Average lifespan in China extends by half a year as PM 2.5 density drops 12 percent

Blue sky over Beijing. (Photo/Chinanews.com)

The life expectancy of Chinese citizens has been extended by half a year thanks to the remarkable achievements of China’s air pollution control, causing a significant drop in the PM 2.5 density, according to the Air Quality Life Index, recently released in Beijing by the Energy Policy Institute at the University of Chicago.

The Index indicates that China’s PM 2.5 density fell by 12 percent between 2013 and 2016, a pollution reduction equivalent to an additional half a year to the average lifespan.

Tianjin, one of the three most polluted Chinese cities in 2013, saw a decline of 14 percent PM 2.5 density in 2016. If this improvement is maintained, 13 million citizens living in the city are expected to see their average lifespan increase by 1.2 years.

Henan, a central province in China, also witnessed improved air quality. Statistics showed that the length of time people are exposed to PM 2.5 in the region is down 20 percent compared with 2013, meaning they could live an average of 1.3 years longer.

Air pollution has continued to be a severe issue for China. In 2010, it caused 1.2 million premature deaths and a reduction of 25 million healthy life years (the number of years that a person is expected to live in a healthy condition).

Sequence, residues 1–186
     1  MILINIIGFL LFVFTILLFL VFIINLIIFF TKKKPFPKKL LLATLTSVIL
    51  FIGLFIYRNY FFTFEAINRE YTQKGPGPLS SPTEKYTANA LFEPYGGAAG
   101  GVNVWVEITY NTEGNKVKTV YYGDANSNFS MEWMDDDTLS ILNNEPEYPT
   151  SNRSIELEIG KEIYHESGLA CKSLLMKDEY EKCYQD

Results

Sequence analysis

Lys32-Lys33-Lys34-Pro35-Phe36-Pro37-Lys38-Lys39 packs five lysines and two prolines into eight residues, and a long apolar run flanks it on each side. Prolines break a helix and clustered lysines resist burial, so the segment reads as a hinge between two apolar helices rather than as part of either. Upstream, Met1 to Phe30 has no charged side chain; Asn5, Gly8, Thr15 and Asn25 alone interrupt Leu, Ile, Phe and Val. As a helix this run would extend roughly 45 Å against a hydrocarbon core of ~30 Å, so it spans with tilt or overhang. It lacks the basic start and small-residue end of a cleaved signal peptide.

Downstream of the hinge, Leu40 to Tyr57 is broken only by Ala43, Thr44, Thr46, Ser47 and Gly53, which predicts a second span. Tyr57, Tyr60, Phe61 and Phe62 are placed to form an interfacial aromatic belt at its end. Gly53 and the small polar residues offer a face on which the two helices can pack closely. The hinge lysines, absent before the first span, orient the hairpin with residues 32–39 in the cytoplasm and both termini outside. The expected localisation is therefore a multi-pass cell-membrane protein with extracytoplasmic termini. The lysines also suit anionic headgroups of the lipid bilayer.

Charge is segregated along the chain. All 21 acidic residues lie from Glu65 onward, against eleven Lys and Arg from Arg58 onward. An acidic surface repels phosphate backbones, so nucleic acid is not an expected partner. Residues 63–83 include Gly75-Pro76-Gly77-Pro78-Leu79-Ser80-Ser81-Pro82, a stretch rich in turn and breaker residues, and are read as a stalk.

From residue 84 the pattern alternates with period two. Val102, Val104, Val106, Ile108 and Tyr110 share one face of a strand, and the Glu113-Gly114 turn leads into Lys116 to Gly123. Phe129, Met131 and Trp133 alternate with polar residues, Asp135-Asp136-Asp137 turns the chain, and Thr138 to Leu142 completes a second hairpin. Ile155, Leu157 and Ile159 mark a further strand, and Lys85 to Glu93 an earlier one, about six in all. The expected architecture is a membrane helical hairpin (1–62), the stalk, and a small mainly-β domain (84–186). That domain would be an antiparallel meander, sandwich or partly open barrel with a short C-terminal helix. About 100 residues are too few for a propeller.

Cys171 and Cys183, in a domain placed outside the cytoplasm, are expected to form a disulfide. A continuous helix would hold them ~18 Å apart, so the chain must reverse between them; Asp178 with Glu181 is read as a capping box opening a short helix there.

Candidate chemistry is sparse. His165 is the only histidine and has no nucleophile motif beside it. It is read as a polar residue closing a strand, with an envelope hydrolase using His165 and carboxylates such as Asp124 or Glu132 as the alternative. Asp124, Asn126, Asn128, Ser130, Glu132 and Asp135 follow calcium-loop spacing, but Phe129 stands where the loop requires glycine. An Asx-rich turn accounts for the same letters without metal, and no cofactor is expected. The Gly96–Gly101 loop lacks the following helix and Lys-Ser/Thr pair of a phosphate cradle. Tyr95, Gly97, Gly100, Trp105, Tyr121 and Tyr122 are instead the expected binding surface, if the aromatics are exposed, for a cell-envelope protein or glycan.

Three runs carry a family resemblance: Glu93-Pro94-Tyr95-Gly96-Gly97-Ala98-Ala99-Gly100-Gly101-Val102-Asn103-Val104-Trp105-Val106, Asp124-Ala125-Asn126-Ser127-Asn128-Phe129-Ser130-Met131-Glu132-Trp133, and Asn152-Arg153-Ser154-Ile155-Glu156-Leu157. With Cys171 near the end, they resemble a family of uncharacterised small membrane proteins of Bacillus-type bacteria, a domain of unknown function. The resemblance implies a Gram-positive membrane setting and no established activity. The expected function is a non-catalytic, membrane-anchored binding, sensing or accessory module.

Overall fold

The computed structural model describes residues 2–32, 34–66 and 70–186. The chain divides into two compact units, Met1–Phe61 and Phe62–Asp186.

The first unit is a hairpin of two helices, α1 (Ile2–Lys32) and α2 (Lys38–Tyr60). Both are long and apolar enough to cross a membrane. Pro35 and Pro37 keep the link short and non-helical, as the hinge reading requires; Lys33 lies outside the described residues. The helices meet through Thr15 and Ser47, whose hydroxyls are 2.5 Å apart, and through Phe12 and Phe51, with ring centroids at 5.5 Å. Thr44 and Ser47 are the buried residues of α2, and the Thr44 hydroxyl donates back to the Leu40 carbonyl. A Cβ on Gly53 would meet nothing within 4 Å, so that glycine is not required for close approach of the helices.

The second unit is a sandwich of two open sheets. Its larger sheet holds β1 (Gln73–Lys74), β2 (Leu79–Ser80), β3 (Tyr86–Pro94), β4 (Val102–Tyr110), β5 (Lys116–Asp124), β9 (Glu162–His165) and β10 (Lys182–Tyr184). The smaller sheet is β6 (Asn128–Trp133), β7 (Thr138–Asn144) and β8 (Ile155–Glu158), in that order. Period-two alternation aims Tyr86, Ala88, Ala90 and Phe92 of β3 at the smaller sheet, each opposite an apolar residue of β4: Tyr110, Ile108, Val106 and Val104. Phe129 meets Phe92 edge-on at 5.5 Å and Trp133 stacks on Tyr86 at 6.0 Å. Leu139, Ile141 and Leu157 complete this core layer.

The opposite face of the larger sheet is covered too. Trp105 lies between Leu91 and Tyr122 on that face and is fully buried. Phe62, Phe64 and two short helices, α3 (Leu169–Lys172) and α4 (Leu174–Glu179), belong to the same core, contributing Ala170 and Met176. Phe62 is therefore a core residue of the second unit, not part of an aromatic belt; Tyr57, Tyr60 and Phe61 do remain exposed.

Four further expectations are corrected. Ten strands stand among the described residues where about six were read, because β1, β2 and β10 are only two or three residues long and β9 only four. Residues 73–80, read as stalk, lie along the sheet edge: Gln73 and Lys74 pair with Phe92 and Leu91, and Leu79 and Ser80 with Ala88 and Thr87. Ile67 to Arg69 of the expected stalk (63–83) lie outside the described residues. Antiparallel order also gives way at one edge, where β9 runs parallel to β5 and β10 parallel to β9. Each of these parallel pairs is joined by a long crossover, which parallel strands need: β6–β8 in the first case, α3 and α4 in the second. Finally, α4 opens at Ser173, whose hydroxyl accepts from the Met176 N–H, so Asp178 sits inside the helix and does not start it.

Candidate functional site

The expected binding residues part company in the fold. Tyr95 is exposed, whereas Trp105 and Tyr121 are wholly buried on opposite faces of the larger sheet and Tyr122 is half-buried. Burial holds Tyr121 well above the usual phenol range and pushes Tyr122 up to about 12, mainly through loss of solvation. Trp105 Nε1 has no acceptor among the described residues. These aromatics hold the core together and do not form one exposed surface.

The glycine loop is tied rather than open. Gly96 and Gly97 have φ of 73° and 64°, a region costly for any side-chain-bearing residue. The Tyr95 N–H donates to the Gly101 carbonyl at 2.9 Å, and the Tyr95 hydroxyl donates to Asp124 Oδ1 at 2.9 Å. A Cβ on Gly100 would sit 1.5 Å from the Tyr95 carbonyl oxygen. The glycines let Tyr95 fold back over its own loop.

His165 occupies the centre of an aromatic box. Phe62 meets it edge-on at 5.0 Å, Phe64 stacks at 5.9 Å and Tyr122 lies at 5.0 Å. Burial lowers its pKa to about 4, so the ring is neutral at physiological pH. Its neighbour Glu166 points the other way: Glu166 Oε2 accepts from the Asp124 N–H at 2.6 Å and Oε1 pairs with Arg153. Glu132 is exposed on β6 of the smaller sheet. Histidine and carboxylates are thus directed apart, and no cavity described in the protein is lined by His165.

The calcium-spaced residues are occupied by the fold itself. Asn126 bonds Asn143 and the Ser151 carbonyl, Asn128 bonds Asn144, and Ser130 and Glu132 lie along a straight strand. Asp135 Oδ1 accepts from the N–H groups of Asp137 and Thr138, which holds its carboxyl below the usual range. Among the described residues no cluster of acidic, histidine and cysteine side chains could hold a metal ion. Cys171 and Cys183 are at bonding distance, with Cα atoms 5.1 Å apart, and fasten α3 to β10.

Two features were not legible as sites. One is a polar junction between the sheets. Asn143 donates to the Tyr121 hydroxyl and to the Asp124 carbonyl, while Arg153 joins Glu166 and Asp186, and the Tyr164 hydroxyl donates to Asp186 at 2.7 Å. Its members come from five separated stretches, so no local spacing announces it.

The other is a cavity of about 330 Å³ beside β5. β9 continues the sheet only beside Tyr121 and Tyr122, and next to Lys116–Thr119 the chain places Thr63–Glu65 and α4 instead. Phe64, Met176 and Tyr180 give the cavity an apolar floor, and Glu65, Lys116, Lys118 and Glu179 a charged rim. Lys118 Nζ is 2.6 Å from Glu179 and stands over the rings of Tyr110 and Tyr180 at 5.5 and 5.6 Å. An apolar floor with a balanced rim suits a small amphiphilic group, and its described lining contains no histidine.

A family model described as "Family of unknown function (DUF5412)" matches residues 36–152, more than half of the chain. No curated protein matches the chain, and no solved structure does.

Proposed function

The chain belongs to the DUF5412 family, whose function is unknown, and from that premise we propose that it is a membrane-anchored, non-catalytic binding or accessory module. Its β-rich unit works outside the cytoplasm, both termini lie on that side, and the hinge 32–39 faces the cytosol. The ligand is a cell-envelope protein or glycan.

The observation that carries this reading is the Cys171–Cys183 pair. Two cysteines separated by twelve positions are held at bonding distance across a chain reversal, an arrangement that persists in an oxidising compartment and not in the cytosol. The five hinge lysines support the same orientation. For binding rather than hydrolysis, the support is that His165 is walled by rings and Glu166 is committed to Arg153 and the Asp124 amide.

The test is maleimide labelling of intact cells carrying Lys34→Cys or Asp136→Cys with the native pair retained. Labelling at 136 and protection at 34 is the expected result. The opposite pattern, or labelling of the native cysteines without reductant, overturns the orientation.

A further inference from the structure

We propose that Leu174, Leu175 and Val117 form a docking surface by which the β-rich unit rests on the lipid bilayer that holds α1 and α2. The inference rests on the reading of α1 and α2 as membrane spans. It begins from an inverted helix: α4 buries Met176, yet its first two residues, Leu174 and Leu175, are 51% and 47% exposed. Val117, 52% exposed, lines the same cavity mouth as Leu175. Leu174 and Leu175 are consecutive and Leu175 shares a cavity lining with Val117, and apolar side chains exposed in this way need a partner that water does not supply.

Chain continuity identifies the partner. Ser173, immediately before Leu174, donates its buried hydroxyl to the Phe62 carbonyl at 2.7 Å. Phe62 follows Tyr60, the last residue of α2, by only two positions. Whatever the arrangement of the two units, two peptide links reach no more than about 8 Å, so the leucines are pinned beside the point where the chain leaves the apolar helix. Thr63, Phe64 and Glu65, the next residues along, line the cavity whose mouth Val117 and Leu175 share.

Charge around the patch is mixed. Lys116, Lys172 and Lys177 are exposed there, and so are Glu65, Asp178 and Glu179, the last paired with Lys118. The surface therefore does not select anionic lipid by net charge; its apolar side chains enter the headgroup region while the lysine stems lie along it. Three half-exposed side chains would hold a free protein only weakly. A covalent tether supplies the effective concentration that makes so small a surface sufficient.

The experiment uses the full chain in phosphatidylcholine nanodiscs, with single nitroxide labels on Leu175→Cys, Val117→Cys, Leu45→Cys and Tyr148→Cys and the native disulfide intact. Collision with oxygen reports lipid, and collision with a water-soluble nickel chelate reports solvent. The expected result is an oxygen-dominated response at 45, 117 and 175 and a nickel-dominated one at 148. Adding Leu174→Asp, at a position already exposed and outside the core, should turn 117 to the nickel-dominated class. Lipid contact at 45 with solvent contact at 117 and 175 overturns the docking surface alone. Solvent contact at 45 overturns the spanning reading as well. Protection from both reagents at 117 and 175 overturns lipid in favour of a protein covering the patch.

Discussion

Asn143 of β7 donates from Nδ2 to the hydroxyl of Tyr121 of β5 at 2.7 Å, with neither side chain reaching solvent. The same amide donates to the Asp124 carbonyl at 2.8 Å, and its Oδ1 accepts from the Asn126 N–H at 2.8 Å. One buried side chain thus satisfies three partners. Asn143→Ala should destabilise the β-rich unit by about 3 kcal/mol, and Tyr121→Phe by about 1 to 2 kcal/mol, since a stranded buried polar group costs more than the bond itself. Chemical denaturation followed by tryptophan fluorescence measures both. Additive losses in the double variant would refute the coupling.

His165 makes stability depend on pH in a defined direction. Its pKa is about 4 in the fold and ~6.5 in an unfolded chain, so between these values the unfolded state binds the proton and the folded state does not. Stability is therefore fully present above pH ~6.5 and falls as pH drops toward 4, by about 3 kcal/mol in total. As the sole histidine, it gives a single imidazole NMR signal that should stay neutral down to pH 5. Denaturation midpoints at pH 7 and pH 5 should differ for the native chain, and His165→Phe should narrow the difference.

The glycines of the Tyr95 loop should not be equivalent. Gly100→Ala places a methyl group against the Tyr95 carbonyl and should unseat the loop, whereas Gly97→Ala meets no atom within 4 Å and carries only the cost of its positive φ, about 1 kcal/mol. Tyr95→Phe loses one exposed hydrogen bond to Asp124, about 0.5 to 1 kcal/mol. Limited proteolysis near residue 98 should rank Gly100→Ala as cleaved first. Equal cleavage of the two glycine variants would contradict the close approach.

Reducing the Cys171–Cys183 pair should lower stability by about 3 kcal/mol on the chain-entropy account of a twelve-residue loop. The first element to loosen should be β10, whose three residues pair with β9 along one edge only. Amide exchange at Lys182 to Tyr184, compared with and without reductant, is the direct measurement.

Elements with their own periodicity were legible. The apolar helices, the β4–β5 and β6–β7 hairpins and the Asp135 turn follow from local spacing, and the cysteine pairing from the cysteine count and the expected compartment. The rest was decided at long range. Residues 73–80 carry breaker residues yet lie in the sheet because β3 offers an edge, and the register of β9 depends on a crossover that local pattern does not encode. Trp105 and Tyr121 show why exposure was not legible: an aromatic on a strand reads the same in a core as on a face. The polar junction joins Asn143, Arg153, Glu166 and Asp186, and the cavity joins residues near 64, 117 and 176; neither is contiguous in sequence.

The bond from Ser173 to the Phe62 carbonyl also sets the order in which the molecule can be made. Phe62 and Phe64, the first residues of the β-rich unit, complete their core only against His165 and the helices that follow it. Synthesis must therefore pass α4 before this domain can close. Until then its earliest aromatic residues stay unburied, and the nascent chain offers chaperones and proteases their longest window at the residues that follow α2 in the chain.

According to standards set by the World Health Organization (WHO), the permissible density of PM 2.5 is ten micrograms per cubic meter, while China’s national ambient air quality standard is still more than three times that figure.

Average life expectancy in China could be raised from 76 years to 79 years if the WHO standard is reached, the Index noted.

Robert OKeefe, vice president of the US Health Effects Institute, said that China has responded well to air pollution, bringing substantial public health benefits. Early deaths, as well as cardiovascular and respiratory diseases, have already been dramatically reduced.